Ferrari California review
Half a century after the original Ferrari California 250 GT Spyder made its brief run, the exotic sports car maker revived both the name and its spirit in the form of the Ferrari California. Debuting for model-year 2010, the California represented several “firsts” for Ferrari.
For starters, the four-seat convertible eschews a traditional fabric roof for a power-operated retractable hardtop that folds into the trunk. It lowers in around 14 seconds. With styling penned by Pininfarina, Ferrari’s designer of choice, the California looks as good (or better) with the top up as it does with it down. Borrowing design cues from the original iteration, tapered headlamps flow up and into broad-shouldered fenders and flank a broad low-mounted grille, creating a “happy face” frontal appearance. Smooth curves flow rearward organically into a rounded back end with quad exhaust tips and circular taillamps that run forward into the top of the fenders.
The California comes powered by the brand’s first direct-injection engine, a 4.3-liter V8 that produces a potent 453 horsepower and 357 pound-feet of torque. Engaging a “Launch Control” button delivers blazing off-the-line acceleration by minimizing tire spin at full throttle. Its 0-60 mph time clocks in at under four seconds, which is outpaced by only a very few and very expensive supercars. Another company first, the engine is “front mid-mounted,” which means it resides just behind the front axle; this helps maintain a beneficial front-to-rear weight balance which, in turn, helps contribute to the car’s handling agility.
The V8 drives the rear wheels via either a new-for-2011 six-speed manual transmission or a sophisticated seven-speed dual-clutch automated manual transmission, which can be operated automatically or via steering wheel-mounted paddles. Shift time on the auto manual gearbox is claimed to be reduced to virtually zero seconds, and you simply can’t get any quicker than that.
Sharing common lineage with its corporate cousin, the Maserati GranTurismo, the California is built on a lightweight aluminum structure with aluminum body panels – excess weight tends to sap any car of power and even a modest savings in a low-slung sports car such as this can be significant in terms of added quickness.
The car’s suspension is likewise comprised of aluminum components, with a new multilink array at the rear that promises ultra-crisp handling, and is another first-time application in a Ferrari. The automaker’s sophisticated “Manettino” control system is onboard to tailor the car’s various integrated systems – including the F1-Trac stability control system that debuted in the 599 GTB Fiorano – according to “sport” and “comfort” settings. Intervention can also be switched off entirely for the benefit of accomplished – and courageous – drivers. Brake components come courtesy of Brembo and include standard carbon-ceramic discs for what is expected to be exceptional stopping power.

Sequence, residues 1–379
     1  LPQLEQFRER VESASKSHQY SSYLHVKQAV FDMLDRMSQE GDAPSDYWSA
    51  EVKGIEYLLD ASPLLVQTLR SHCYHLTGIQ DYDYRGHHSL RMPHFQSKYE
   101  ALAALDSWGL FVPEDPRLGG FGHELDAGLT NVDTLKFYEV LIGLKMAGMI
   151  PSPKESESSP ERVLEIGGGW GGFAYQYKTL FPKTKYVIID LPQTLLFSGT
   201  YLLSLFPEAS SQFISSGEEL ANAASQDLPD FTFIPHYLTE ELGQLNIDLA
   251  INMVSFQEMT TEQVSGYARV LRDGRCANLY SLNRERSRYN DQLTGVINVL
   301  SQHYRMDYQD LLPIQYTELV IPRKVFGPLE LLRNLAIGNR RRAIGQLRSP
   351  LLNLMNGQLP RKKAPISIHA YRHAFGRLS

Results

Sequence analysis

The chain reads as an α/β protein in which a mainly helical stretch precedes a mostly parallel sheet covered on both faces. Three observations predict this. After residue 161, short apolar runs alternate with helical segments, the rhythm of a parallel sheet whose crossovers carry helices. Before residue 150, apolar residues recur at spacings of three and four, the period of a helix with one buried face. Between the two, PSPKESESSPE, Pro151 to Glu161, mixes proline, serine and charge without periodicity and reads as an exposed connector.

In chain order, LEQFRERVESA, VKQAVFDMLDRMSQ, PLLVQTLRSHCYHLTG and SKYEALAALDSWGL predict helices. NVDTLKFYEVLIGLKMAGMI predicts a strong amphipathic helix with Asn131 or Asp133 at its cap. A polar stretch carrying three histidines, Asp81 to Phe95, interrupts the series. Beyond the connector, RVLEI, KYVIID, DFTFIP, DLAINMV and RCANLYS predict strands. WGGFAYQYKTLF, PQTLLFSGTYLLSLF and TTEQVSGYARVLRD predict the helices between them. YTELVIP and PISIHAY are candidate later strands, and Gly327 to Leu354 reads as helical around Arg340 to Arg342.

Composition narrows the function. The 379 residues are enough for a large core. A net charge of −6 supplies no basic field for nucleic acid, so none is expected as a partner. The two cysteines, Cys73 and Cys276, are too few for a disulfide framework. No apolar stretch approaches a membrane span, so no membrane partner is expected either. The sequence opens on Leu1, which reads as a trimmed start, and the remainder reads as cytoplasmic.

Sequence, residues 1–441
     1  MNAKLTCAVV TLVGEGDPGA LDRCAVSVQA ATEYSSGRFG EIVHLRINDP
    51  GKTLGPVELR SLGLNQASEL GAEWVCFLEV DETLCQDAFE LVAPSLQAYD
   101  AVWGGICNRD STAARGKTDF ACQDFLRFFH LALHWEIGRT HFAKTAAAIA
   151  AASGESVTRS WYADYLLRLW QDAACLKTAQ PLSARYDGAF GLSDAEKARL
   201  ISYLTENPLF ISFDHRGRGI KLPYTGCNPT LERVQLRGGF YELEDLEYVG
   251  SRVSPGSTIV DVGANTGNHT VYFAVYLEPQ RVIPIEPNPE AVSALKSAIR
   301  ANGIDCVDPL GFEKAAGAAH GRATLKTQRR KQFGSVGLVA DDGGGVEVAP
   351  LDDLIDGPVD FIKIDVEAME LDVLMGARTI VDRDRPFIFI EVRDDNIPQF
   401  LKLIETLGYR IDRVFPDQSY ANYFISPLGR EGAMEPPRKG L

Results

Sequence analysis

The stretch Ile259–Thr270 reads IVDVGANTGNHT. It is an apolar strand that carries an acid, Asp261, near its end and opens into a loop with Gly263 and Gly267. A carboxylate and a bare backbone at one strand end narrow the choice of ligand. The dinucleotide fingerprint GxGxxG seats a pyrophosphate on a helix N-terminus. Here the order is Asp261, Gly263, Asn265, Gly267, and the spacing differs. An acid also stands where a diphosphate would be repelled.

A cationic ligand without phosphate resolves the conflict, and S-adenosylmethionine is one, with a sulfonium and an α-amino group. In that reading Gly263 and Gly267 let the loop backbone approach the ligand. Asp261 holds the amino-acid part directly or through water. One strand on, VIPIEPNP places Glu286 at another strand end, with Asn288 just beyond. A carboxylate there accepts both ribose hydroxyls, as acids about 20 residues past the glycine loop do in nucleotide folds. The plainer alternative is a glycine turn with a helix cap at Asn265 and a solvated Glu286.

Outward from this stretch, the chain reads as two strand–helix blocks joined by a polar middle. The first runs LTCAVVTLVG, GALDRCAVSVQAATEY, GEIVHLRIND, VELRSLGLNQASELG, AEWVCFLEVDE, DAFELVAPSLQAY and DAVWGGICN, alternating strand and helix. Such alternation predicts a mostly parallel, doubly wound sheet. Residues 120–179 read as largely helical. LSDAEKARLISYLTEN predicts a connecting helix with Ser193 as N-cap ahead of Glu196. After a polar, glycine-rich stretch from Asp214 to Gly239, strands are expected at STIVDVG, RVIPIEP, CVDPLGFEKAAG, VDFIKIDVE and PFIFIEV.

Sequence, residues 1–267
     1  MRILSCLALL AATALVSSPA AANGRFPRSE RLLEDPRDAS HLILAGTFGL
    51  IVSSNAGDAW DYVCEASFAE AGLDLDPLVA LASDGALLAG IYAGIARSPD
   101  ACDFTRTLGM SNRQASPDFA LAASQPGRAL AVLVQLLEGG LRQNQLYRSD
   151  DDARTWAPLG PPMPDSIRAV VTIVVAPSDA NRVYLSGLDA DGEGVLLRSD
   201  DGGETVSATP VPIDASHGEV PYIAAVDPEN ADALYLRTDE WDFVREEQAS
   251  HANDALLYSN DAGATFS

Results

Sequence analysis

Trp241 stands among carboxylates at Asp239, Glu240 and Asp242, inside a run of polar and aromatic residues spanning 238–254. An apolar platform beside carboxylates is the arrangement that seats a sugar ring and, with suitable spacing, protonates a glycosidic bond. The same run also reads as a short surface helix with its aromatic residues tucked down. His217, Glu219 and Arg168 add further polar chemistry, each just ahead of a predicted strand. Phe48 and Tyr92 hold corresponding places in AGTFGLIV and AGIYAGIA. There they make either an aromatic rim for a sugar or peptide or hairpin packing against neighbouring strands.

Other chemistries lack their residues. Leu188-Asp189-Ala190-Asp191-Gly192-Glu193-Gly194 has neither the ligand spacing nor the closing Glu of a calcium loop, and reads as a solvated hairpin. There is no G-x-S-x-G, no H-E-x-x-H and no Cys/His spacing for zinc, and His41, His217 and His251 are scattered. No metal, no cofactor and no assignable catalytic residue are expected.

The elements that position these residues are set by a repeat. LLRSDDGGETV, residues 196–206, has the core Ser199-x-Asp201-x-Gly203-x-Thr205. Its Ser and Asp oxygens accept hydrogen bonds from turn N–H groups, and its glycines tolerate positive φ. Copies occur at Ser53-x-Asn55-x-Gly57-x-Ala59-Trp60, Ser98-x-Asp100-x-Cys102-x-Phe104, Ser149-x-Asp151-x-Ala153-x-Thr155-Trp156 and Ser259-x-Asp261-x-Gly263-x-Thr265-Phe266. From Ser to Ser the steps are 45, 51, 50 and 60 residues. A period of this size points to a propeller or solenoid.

The California’s interior is fashionably and tastefully trimmed with straight-forward gauges and controls. A full range of features is represented, including a touch-screen navigation system and adaptive headlamps that automatically pivot to illuminate the road through the curves.
It’s not officially a roadster, but the California comes as close to one as is possible, with a pair of ultra-minimal bucket seats in the back that are strictly for the benefit of stowing modestly sized luggage and impulse purchases. The trunk is reasonably useful – at least for a low-slung sports car – though it becomes much less so when the top is retracted. It includes a pass-through from the rear seat to the cargo hold, which is a uniquely practical function in the decidedly unpractical world of exotic sports cars.
Being the automaker’s least expensive model and the only one to carry a sticker price shy of $200,000, could the California be the Ferrari for the common man/woman? Certainly. Provided he/she lives in Beverly Hills, California, that is.
Ferrari California Quick Facts
Engine: 4.3 Liter V8
Horsepower: 453 @ 7,750 rpm.
Torque: 357 @ 5,000 rpm.
City/Highway: MPG 13/19
Transmission: 6-Spd Manual, 7-Spd Auto Manual
Wheelbase: 105 in
Overall Length: 179.6 in
Width: 74.9 in
Height: 51.5 in
Curb Weight: 3,825 lbs
Did You Know?
The original Ferrari California 250 GT Spyder was built from 1957-1960, with the car switching to a short-wheelbase version during the final year of its run. Its bodywork made extensive use of lightweight aluminum – which was extremely rare and forward thinking at the time. This remains one of the most valuable collectible cars, with the rare examples put up for auction selling for millions of dollars each. The California 250 GT Spyder also has the distinction (at least in a fiberglass-bodies replica) of being the vehicle that inadvertently becomes trashed in the 1986 movie Ferris Bueller’s Day Off.